Dynamics of the association between a long-lived understory myrmecophyte and its specific associated ants
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- Orivel, J., Lambs, L., Malé, PJ.G. et al. Oecologia (2011) 165: 369. doi:10.1007/s00442-010-1739-5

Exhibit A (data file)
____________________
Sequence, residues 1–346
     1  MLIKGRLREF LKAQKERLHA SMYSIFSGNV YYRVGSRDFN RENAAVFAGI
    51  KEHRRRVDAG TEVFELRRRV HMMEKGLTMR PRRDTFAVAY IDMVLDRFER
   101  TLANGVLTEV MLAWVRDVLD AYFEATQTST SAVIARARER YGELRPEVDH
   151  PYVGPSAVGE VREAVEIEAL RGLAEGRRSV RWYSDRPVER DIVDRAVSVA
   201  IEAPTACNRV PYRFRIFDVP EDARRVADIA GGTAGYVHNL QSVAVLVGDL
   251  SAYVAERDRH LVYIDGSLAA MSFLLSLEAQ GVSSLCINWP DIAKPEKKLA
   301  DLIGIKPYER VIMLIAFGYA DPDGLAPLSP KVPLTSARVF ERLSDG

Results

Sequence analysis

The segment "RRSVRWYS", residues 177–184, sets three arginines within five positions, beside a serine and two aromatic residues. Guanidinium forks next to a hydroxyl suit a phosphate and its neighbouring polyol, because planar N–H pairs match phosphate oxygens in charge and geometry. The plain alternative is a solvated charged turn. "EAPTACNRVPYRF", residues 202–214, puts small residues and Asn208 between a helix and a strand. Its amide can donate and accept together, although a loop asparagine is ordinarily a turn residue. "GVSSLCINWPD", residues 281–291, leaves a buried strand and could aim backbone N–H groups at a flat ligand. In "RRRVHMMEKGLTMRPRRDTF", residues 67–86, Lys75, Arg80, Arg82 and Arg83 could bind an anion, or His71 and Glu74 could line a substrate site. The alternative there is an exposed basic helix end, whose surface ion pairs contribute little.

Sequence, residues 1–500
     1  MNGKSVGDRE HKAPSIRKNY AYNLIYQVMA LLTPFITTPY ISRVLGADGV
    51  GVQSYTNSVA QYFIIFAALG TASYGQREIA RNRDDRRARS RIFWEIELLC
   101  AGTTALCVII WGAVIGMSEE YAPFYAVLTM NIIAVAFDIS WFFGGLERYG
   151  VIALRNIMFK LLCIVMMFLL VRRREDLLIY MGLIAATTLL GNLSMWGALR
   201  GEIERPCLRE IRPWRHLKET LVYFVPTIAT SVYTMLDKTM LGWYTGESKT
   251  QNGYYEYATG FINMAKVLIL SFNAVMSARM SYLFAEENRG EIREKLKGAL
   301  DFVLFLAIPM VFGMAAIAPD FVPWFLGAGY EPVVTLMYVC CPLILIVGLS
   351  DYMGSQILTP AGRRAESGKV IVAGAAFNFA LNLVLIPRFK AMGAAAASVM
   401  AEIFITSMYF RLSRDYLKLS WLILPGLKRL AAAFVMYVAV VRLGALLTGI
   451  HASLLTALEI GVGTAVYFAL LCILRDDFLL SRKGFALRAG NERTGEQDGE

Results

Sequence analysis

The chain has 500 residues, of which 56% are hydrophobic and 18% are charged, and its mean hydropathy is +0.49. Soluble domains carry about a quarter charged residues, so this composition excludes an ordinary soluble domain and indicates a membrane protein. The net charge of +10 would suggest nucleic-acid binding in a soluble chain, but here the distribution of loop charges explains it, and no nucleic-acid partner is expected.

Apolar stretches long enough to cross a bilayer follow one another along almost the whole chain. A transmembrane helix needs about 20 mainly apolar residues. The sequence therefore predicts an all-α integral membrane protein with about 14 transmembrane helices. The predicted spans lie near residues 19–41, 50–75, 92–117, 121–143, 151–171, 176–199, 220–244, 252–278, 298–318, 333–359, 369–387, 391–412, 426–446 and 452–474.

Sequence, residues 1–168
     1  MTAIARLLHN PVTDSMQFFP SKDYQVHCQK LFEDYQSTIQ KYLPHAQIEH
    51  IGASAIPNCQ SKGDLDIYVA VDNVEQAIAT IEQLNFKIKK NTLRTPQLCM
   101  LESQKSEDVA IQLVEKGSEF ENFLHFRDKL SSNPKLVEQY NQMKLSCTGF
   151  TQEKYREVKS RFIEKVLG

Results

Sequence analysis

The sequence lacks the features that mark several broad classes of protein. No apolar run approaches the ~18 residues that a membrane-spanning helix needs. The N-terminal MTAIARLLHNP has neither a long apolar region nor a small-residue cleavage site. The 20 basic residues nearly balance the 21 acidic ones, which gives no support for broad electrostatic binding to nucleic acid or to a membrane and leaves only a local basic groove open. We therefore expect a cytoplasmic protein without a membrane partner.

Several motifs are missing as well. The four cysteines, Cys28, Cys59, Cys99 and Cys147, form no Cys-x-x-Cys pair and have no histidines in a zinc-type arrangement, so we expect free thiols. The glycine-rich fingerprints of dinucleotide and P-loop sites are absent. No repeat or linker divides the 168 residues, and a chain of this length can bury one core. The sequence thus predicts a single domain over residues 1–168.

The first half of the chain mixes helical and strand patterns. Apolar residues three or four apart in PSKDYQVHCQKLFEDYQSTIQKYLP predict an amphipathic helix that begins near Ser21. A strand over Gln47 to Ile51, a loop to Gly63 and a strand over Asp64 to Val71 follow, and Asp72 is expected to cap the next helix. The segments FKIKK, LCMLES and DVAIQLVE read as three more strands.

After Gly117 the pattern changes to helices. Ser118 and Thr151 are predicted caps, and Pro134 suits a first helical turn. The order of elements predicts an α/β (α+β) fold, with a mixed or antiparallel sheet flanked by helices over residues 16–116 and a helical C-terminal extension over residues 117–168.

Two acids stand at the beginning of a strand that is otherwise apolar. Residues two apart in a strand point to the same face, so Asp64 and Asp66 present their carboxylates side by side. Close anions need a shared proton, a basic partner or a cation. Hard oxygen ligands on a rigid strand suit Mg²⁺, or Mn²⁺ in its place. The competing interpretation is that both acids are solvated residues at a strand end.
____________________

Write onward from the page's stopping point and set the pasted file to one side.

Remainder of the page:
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Myrmecophytic symbioses are widespread in tropical ecosystems and their diversity makes them useful tools for understanding the origin and evolution of mutualisms. Obligate ant–plants, or myrmecophytes, provide a nesting place, and, often, food to a limited number of plant–ant species. In exchange, plant–ants protect their host plants from herbivores, competitors and pathogens, and can provide them with nutrients. Although most studies to date have highlighted a similar global pattern of interactions in these systems, little is known about the temporal structuring and dynamics of most of these associations. In this study we focused on the association between the understory myrmecophyte Hirtella physophora (Chrysobalanaceae) and its obligate ant partner Allomerus decemarticulatus (Myrmicinae). An examination of the life histories and growth rates of both partners demonstrated that this plant species has a much longer lifespan (up to about 350 years) than its associated ant colonies (up to about 21 years). The size of the ant colonies and their reproductive success were strongly limited by the available nesting space provided by the host plants. Moreover, the resident ants positively affected the vegetative growth of their host plant, but had a negative effect on its reproduction by reducing the number of flowers and fruits by more than 50%. Altogether our results are important to understanding the evolutionary dynamics of ant–plant symbioses. The highly specialized interaction between long-lived plants and ants with a shorter lifespan produces an asymmetry in the evolutionary rates of the interaction which, in return, can affect the degree to which the interests of the two partners converge.